A quarter of a million people have now died in the U.S. from Covid-19, with no end in sight for the next few months.
Good news: Three vaccines were announced this week by Pfizer, Moderna, and Astra Zeneca, all with an over 90% effectiveness rate at preventing Covid infection. They have begun to seek emergency use authorization, read more here. Lots of questions remain at this point: How long the protection lasts, and whether vaccinated people can still spread the virus.
The other good news is that we can stop scrubbing so hard: Scientists say there’s little to no evidence that deep cleaning mitigates the threat of the virus indoors, because it primarily spreads through inhaled droplets.
State and local lowlights: New York City reached an infection rate of 3%, triggering the country’s largest public school system to switch to all-virtual. Forbes advised that people simply stay away from the current worst-hit states, including South Dakota, Iowa, Nebraska, Illinois, Wisconsin and Minnesota for the near future. Check the 10 riskiest states right now. (Forbes)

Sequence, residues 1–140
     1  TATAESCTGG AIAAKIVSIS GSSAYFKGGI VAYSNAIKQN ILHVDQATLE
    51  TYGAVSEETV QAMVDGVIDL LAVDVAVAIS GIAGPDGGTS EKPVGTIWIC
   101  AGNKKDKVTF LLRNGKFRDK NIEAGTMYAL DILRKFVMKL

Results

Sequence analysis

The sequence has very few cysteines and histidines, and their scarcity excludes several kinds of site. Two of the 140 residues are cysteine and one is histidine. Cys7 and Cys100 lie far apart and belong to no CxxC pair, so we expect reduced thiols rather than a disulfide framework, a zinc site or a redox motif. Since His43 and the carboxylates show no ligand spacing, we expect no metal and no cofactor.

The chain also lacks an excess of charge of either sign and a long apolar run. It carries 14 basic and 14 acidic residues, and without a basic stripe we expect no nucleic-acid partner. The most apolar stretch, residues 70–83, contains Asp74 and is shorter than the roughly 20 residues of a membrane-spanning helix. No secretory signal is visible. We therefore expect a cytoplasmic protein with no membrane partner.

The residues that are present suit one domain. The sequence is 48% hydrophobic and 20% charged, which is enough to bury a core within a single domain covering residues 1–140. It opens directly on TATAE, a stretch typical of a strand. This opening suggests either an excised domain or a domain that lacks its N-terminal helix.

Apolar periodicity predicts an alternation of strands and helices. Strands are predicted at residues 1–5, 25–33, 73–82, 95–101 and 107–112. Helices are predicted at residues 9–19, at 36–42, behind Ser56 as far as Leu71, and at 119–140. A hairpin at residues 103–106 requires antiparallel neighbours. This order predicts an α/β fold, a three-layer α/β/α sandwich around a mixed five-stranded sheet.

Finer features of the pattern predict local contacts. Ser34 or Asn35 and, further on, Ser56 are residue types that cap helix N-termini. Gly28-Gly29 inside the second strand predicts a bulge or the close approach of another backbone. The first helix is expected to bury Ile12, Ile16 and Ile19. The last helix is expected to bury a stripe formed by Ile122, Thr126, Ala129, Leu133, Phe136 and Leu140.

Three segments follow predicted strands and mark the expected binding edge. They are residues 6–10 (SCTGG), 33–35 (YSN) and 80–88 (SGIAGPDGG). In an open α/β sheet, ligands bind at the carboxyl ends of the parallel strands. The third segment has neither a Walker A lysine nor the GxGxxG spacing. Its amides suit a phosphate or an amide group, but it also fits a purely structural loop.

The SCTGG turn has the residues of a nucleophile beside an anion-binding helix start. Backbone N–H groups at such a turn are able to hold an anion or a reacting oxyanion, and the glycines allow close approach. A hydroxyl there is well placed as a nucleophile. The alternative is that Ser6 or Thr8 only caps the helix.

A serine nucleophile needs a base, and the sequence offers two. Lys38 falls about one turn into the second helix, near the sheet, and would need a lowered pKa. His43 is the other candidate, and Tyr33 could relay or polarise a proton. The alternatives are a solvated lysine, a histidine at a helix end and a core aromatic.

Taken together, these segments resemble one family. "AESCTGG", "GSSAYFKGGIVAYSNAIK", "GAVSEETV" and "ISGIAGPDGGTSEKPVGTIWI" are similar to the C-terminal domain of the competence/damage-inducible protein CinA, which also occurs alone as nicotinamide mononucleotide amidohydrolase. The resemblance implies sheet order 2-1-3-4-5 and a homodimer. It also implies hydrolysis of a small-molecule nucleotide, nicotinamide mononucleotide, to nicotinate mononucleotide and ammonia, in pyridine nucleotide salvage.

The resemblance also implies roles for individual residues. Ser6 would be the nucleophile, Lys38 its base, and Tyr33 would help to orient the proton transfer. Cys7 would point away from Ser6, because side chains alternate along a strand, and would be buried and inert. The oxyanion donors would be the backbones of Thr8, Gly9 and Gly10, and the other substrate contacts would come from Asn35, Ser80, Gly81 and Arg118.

Dine at your own risk: Restaurants, gyms, hotels, cafes and religious organizations carry the biggest risk of spreading infections, according to a new study of 98 million Americans. (Nature, Wall Street Journal). A few of these places are “super spreader” locations, so maximum-occupancy restrictions can be surprisingly effective. These findings, if heeded, can help community leaders make better rules to protect people.
Work-from-home tax wrinkles
If you are an employee earning a W-2, you cannot deduct home office expenses; the 2017 Tax Cuts and Jobs Act eliminated this deduction. Your employer should either provide home office supplies and equipment or reimburse you for your purchases of those things. If they do neither, you’re out of luck; no other federal tax benefits exist now.
If you are an independent contractor or self-employed, you are still in luck. Self-employed people or contractors can claim all their expenses for equipment and supplies as deductions. Read more on Kiplinger Tax Wrinkles.